New Tools to Summarize Text

Apr 11 2016

We’re excited to introduce the latest report and prototype from our machine intelligence R&D group! In this iteration, we explore summarization, or neural network techniques for making unstructured text data computable.

Making language computable has been a goal of computer science research for decades. Historically, it has been a challenge to merely collect and store data. But it’s now so cheap to store data that we often have the opposite problem: once we’ve data, how should we analyze it to find meaning and insights?

Many organizations have made good headway processing structured, transactional data for Business Intelligence, but few have extended analytics to compress insights from the emails, news articles, reports, legal documents, and other troves of written documents that make up the lifeblood of organizations. 

But we’re beginning to gain the ability to do remarkable things with unstructured text. Businesses that adopt this technology will see significant advantages. They will find important information faster. They will expand the horizons of how and what they read, gleaning actionable insights from document corpuses too large for humans to process.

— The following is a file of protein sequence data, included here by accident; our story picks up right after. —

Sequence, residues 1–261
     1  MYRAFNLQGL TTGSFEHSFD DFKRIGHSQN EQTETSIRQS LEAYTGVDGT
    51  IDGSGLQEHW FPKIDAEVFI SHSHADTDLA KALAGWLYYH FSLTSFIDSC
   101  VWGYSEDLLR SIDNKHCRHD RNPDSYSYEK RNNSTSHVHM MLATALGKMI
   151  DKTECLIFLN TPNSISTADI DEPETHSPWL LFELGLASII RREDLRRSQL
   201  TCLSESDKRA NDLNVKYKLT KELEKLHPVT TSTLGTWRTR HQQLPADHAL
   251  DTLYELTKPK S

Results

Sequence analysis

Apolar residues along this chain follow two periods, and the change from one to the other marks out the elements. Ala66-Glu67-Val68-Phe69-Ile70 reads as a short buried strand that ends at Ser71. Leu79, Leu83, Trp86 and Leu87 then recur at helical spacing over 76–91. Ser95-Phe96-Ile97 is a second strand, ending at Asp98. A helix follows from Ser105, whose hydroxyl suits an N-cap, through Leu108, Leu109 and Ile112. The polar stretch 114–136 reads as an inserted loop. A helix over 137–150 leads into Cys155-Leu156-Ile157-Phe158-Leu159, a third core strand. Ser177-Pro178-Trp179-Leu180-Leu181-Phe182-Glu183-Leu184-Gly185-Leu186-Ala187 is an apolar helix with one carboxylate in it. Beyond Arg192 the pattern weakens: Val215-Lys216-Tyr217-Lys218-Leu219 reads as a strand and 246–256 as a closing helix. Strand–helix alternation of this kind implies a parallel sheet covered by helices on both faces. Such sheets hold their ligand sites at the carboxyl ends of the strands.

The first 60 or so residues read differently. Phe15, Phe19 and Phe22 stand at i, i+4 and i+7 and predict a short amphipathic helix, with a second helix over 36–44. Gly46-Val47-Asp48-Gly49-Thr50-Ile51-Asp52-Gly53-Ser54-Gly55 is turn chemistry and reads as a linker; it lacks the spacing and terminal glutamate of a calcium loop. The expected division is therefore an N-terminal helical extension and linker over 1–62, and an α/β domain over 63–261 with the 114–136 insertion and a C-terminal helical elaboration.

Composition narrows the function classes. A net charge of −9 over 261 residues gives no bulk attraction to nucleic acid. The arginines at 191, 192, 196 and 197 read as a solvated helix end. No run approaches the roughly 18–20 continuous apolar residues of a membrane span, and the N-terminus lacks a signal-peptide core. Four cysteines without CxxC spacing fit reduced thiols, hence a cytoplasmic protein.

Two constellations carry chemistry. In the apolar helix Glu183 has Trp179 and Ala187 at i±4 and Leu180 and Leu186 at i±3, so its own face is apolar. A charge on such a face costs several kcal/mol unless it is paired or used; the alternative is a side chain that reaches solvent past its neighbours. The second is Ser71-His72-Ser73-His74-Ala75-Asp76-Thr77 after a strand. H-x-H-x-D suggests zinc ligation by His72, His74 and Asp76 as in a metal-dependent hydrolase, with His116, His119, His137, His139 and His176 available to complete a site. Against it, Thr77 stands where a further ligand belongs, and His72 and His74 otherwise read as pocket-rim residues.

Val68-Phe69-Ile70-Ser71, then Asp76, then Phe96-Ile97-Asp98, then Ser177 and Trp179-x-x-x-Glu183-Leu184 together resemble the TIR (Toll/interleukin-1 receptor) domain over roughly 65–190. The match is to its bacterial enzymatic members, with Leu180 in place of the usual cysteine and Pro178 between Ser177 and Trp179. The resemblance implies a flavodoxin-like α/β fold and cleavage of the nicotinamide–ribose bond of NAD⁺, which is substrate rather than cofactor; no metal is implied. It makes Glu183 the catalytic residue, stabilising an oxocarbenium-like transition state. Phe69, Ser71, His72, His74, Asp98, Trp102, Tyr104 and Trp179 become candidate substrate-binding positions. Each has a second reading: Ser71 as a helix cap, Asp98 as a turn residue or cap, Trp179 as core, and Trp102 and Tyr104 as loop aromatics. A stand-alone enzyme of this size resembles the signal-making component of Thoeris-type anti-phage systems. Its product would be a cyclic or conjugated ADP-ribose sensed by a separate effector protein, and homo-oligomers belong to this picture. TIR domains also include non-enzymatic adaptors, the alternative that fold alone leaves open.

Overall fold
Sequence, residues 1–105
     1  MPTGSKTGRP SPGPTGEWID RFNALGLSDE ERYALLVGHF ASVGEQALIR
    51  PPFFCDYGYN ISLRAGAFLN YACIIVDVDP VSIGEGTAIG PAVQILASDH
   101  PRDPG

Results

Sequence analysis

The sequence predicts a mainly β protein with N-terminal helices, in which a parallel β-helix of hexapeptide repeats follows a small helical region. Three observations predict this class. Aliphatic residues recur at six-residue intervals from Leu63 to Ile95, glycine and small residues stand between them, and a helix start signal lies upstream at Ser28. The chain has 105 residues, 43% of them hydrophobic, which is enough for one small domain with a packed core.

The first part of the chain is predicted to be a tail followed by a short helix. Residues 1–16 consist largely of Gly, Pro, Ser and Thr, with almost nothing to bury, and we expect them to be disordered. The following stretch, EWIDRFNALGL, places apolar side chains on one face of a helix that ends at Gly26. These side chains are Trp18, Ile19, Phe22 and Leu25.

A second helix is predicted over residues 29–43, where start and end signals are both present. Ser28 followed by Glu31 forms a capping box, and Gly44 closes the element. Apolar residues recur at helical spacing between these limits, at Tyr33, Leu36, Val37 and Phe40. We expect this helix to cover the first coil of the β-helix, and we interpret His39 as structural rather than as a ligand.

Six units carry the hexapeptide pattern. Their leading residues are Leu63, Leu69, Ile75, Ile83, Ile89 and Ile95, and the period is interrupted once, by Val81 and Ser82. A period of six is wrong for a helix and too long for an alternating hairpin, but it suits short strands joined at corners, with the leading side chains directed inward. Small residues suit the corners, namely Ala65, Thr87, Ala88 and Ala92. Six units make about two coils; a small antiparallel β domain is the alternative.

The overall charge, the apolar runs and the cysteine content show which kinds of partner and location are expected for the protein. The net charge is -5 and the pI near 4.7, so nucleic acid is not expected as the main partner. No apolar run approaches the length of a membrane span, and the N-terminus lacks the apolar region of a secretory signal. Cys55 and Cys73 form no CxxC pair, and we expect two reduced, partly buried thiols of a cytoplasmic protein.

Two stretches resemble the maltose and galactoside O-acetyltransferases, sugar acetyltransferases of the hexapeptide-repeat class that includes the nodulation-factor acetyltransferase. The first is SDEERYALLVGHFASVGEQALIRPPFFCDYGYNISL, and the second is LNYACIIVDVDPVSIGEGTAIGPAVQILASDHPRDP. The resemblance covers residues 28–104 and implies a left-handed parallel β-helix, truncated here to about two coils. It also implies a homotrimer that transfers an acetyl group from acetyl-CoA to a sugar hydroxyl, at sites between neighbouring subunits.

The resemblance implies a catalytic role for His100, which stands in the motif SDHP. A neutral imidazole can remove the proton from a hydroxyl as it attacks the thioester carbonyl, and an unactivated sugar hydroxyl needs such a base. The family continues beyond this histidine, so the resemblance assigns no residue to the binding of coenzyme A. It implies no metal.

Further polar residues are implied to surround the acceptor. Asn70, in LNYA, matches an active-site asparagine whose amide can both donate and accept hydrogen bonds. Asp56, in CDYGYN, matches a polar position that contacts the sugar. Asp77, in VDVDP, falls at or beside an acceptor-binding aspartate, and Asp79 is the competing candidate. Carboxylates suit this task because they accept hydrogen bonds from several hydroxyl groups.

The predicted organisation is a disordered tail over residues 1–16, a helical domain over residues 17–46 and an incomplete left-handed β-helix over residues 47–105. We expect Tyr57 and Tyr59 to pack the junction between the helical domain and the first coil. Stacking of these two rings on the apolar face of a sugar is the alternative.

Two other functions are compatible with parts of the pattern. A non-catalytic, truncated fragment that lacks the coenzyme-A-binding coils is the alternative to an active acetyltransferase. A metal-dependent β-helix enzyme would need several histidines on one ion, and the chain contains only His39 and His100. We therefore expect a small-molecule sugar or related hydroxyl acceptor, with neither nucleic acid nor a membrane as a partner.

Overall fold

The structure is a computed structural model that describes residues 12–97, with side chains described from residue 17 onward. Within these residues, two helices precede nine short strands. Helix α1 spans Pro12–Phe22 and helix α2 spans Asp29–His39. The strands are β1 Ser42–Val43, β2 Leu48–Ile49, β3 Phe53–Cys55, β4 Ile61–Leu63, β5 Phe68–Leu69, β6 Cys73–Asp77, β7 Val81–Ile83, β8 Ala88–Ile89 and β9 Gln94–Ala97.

Our work addresses multi- and single-document summarization, illustrating the best technical approaches with two prototypes. Our multi-document prototype uses Latent Dirichlet Allocation to map topics and collect key points of view across thousands of Amazon product reviews. 

Our single-document prototype, Brief, uses skip-thoughts and recurrent neural networks to extract the sentences that best represent the key ideas in a longer document. You can see how Brief scores and highlights an article’s most interesting sentences in our public preview

Our report records lessons we learned building our prototype, teaching readers:

  • how different algorithms represent unstructured text quantitatively
  • why recent breakthroughs in deep learning allow us to model meaning 
  • how to build a summarization system and setbacks to avoid 
  • who the key summarization vendors are and what they offer
  • where natural language processing will go in the near future

We’re excited to help our clients identify opportunities to use these capabilities in their businesses, be that to facilitate research on investments, find documents relevant for a legal matter, manage email overload after vacation, or automatically generate tweets. What else do you imagine?


Please write to us at if you’d like to learn more about our research subscriptions and advising services. 

And join us May 24 for an online discussion with New York NLP startup Agolo, where we’ll explain how summarization technology works and how businesses are using it today! 

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